One of the least covered, yet in my mind, highly anticipated features of Apple’s up and coming revision to OSX (10.7), Reading List, is getting some much-deserved attention.
The new addition to Safari allows users to save online articles for later viewing has finally been unveiled in the latest Developer Preview of OS X Lion. One thing that caught us off guard though, is the early inclusion of iOS syncing.
This is accomplished by syncing your Safari bookmarks either through iTunes or MobileMe. Once synced, a folder matching the bundle identifier for the Reading List app (com.Apple.ReadingList) appears among your device’s Bookmarks. Inside this folder, your articles are listed, just like on the Mac. This folder — it should be stressed — is just a plain old bookmark folder at this point on iOS devices.
Obviously, these features will probably change some between now and Lion’s launch. At this point, the whole thing feels very beta, and lacks polish.
There has been a bit of chatter about Reading List taking on existing popular third-party apps. For example, many people believe that Apple may be taking on Instapaper, but, as to date, it lacks any sign of the ability to cache your list for offline viewing. Reading List also doesn’t have a text parser, like Instapaper does. This feature makes reading articles much more enjoyable, as it removed unneeded graphics like ads.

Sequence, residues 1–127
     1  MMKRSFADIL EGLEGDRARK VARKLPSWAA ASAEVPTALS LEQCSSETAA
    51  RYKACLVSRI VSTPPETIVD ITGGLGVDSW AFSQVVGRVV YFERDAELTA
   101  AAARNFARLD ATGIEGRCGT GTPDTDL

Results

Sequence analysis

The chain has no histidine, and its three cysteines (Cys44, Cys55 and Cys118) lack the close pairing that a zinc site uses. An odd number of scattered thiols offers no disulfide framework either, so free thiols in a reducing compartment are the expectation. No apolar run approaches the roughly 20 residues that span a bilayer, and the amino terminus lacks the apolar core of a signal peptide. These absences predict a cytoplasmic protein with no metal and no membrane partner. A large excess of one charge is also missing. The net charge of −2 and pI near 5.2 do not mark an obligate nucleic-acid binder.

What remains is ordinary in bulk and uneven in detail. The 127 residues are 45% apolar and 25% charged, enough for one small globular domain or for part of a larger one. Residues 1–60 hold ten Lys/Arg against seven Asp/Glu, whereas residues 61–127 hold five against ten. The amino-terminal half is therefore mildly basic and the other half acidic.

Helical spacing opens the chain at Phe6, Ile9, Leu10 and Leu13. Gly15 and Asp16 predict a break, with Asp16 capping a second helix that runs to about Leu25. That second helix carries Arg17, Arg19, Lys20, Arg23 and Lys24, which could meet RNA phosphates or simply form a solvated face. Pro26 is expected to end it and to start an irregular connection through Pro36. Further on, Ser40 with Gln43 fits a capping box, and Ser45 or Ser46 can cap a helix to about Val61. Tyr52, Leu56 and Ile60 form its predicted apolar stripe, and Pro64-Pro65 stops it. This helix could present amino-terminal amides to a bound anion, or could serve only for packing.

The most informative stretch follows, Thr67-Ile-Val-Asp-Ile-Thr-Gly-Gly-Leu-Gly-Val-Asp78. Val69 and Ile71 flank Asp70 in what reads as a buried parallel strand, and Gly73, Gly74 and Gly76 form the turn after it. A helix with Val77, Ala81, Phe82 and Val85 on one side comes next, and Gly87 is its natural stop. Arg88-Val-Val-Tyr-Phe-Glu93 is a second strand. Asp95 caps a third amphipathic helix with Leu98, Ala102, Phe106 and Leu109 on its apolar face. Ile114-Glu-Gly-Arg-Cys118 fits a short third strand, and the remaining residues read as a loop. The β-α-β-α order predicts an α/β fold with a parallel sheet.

These missing feature has lead Instapaper’s creator Marco Arment to cite that Readability as a more accurate target and isn’t too worried about his own product.
With WWDC right around the corner, it’s likely we’ll see what a post-pubescent Reading List will look like.
If we had our druthers, it’d be great to see Apple continue to refine the concept, with the end result culminating as a stand-alone iOS app that can display the content online and offline in a uniform format similar to the Flipboard Experience. For now though, we’ll have to settle for an extra bookmarks folder, or our old friend Instapaper.
Article via Electronista